Human rights protester Peter Tatchell gets blue plaque
Human rights campaigner Peter Tatchell has been honoured with a blue plaque at the south London estate where he lives.
Mr Tatchell - co-founder of the direct action group OutRage! - has been championing civil liberties and gay rights in the UK since 1971.
The plaque, at his Southwark home, was unveiled by the actor Sir Ian McKellen.
Mr Tatchell said he hoped it would encourage others to campaign for "human rights and social justice".
He added: "I have lived in Southwark most of my life and I am very proud to be part of its long, illustrious history of distinguished authors, playwrights, scientists, inventors and social reformers."
The plaque, which was organised by Southwark Council, joins others honouring the engineer Isambard Kingdom Brunel and comedian Charlie Chaplin in the area.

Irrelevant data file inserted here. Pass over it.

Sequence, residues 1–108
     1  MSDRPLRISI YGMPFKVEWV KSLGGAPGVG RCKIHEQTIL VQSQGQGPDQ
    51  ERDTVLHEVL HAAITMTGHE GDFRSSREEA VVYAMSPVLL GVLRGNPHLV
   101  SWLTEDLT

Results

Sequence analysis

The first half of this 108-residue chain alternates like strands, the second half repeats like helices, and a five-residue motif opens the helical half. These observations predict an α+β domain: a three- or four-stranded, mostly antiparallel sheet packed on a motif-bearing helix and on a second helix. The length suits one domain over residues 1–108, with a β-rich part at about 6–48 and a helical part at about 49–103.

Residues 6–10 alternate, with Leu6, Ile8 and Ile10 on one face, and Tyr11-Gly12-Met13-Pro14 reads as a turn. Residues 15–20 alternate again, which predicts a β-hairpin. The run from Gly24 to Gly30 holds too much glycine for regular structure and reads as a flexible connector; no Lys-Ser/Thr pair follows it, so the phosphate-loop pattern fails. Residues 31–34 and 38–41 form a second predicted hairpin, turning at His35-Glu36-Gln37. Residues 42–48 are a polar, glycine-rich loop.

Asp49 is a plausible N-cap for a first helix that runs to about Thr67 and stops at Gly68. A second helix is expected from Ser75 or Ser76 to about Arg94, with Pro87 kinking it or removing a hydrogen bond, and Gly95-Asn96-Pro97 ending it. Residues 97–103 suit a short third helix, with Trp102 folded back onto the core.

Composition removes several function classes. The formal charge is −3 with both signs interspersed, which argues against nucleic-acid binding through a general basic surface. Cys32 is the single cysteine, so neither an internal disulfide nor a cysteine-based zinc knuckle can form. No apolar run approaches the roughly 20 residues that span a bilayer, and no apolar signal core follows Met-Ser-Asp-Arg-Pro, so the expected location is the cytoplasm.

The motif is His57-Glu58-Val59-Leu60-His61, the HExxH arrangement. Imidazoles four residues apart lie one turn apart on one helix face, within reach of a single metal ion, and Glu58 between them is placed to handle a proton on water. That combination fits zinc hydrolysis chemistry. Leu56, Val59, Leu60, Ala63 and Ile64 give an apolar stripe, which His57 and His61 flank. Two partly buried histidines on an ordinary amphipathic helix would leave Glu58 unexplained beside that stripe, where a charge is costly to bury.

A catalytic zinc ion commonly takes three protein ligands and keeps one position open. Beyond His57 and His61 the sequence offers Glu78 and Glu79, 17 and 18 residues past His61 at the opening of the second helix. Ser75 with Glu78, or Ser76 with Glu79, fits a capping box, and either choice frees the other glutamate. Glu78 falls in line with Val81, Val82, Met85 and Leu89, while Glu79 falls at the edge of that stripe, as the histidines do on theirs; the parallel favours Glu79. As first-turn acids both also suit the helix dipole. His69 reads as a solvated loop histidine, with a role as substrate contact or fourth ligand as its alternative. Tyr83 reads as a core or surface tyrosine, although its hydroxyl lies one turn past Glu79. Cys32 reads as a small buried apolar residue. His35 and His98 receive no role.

Sir Ian said: "We're very lucky to have Peter with us - what he asks for is no more or less than freedom, and I couldn't be a stronger supporter of him.
"He's my hero, and to honour heroes is a good thing to do.
"It's absolutely sensational that there is a blue plaque here."
Mugabe arrest attempt
Mr Tatchell was among those who led protests against the Pope's recent state visit to Britain.
He said it was inappropriate for taxpayers to foot the £12m bill for the four-day visit because of the Pope's "harsh and intolerant" views towards homosexuals and women's rights.
He recently campaigned against a 14-year jail sentence for a gay couple in Malawi and claims to have received brain injuries after receiving a "beating" at a rally in Russia.
In 1999 the campaigner tried to carry out a citizens arrest on Zimbabwean president Robert Mugabe, accusing him of torture.